That’s not a typo – Nathan Bell has announced the release of two new albums which will be out in the UK on September 24th, along with a string of tour dates which kick off at the Performing Arts Centre in Kilbarchan on 4th October. ‘Er gwaetha pawb a phopeth (In Spite of Everyone & Everything), Live From Wales’ captures Bell’s live vibe which we have glowingly reported previously, this time recorded in front of a sold-out crowd in Wales, Continue reading “Nathan Bell announces new albums, UK dates”
While never under-appreciated by those in the know, Londoner Jason McNiff’s folksy Americana has never quite garnered him the commercial success that it deserved. Since the mid-Nineties he’s released five consistently fine albums and played many equally fine gigs. Maybe his sixth outing will do the trick. It certainly deserves to as its eleven tracks are classic McNiff: fine guitar playing, insightful lyrics and an air of understated class. Continue reading “Jason McNiff “Joy And Independence” (At The Helm Records, 2018)”
New Texas label, Palo Santo Records is run by Sarah Henry, producer Salim Nourallah and Alex Dezen, singer of The Damnwells and they look like they’re going to be an exciting base for releases on the basis of this, one of their first releases by Sleepy Zuhoski whose album ‘Better Haze’ was released on June 1st and whose Facebook profile says “I’d rather make a folk record with space sounds in it” which can only be a good thing. The track is a cover of a song by Canadian pop-star Lights from 2014 but a totally different take than the original, which was more of a dance number. Sleepy told AUK: “I had been listening to the song a lot because I loved the bleepy-bloopy intertwining arpeggios. I wanted to cover it because I thought it would be funny to do. It ended up coming out really well, so it made it onto the album.”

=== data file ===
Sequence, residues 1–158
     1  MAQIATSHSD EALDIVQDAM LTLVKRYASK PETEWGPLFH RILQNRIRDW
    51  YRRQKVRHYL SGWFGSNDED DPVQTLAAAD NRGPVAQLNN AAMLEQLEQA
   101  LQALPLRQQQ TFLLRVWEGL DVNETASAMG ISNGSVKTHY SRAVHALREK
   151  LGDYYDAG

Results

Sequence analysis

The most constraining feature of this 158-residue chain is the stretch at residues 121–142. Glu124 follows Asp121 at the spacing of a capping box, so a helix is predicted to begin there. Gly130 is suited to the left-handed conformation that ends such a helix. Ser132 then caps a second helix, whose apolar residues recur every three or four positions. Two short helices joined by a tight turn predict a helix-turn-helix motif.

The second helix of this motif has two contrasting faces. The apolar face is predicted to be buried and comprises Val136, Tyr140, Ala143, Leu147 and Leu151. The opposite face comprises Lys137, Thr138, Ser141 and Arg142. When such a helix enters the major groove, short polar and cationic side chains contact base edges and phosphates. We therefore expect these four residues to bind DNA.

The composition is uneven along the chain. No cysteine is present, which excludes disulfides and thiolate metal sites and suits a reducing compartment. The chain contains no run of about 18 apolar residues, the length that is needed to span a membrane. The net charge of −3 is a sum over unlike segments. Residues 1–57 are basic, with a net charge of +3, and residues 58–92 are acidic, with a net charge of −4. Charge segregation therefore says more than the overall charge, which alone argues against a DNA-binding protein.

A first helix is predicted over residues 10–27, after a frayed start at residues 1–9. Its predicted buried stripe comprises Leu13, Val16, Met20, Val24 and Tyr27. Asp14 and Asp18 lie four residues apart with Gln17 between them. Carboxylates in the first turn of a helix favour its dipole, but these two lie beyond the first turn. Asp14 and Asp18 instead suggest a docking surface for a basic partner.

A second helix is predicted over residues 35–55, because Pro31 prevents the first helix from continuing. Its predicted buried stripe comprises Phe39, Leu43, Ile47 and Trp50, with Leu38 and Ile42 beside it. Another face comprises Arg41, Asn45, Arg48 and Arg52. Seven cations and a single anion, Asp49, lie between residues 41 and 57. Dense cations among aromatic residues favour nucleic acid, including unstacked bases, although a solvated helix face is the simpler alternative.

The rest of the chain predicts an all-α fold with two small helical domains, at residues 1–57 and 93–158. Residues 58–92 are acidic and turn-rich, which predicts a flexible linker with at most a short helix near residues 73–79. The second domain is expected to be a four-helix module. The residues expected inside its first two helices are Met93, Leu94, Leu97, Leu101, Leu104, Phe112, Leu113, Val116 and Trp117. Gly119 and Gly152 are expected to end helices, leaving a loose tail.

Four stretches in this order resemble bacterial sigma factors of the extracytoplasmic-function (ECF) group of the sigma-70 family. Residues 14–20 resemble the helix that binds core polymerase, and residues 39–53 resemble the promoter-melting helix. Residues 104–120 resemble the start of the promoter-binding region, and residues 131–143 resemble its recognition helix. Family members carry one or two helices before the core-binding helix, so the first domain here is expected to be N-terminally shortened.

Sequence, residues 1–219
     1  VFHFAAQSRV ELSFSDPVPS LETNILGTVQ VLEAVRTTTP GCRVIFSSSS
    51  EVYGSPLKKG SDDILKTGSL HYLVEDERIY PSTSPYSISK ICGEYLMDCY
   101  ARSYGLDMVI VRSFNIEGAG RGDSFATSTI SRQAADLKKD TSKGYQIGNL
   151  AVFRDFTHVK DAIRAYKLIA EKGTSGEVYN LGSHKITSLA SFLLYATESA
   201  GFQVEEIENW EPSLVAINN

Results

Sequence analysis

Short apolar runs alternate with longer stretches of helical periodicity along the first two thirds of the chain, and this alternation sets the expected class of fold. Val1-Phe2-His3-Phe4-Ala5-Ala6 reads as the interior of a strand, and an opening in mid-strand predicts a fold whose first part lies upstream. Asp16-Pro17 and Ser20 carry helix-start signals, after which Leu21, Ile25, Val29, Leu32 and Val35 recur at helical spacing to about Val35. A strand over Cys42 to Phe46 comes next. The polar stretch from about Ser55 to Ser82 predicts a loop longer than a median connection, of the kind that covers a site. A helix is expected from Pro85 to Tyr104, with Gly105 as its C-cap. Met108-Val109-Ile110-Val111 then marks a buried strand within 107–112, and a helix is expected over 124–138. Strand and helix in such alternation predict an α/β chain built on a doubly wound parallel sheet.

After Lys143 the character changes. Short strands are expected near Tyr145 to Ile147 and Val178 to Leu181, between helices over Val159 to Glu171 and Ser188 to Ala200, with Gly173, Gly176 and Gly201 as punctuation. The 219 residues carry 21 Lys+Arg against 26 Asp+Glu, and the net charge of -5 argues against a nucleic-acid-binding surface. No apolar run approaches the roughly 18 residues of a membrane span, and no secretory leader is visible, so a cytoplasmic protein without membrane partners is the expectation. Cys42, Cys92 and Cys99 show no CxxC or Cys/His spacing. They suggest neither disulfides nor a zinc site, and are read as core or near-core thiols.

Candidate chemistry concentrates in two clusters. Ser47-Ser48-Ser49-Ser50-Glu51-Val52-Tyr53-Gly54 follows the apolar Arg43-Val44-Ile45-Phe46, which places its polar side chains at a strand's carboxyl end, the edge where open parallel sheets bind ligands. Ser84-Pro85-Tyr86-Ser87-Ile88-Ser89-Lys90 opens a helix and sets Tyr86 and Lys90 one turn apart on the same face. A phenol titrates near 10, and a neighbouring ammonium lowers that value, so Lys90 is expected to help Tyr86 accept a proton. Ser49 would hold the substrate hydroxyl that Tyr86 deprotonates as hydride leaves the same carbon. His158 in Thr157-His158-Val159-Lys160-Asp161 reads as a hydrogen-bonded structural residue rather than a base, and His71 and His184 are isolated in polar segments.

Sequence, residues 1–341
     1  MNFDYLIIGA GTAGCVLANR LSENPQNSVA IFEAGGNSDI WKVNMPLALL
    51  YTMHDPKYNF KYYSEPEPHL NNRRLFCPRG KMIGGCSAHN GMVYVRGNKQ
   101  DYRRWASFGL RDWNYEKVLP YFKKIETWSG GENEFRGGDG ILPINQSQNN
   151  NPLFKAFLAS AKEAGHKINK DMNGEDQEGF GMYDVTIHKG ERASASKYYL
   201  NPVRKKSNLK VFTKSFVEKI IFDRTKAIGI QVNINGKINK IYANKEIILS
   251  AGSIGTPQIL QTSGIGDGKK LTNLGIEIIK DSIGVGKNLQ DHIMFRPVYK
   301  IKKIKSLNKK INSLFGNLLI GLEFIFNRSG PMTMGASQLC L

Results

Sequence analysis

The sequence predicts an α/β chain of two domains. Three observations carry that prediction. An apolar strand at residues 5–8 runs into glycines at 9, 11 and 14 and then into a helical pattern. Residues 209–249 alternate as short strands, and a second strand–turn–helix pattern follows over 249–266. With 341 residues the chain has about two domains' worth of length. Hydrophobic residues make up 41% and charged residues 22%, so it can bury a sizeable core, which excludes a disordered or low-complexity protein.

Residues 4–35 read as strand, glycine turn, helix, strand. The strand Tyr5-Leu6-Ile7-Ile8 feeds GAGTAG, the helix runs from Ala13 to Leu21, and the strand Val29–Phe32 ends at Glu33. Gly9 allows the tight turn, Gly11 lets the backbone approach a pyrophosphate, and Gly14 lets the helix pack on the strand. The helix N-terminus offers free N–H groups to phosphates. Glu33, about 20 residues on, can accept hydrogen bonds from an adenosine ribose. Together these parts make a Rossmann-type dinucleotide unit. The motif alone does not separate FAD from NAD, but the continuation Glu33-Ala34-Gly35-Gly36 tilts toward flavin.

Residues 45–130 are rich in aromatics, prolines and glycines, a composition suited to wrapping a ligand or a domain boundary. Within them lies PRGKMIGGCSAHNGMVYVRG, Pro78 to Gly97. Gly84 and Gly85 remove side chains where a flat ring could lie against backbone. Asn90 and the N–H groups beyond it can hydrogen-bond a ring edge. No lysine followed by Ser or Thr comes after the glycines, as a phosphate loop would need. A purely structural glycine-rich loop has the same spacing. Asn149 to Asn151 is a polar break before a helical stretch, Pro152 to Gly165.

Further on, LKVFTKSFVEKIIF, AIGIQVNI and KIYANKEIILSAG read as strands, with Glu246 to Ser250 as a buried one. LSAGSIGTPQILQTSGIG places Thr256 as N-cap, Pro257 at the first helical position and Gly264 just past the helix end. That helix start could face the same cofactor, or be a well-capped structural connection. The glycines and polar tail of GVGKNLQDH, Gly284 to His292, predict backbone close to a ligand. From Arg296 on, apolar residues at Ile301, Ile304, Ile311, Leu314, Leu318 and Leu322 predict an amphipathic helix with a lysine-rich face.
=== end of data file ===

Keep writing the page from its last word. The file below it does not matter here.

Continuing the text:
Laura C Brown’s new single ‘Hummingbird‘ represents a poignant moment – after singing in bands and musical theatre she was struck in 2013 with a life changing illness – losing the ability to speak and affected by an extreme sound sensitivity. As things improved somewhat she learnt the guitar, and built up her singing voice. Which brings us to today, and ‘Hummingbird‘ which is country and folk tinged song about breaking free from constraints.
‘In Our Time’ is the second album by the Canadian, Stingray Award-winning artist, AHI. Following his DIY-released January 2017 debut ‘We Made It Through The Wreckage,’ this is his first album on the Thirty Tigers label. With no publicity or label, AHI had developed a fan base via word-of-mouth and viral campaigns, securing spots in the Billboard Spotify Viral 50 Chart and bagging over 2.5 million (and rising) streams for his track, ‘Sweet Ol’ Day’. Building on his performance at Nashville’s DIY Musician Conference in late 2017, AHI scooped the opportunity to appear in one of NPR’s cult Tiny Desk Concerts in January 2018. Continue reading “AHI “In Our Time” (Thirty Tigers, 2018)”
From his excellent new album, Pay Pack And Carry, out on October 5th, this is a new song from Tulsa born, Essex resident Bob Collum and very good it is too, with his trademark classic yet contemporary sound. A great video too.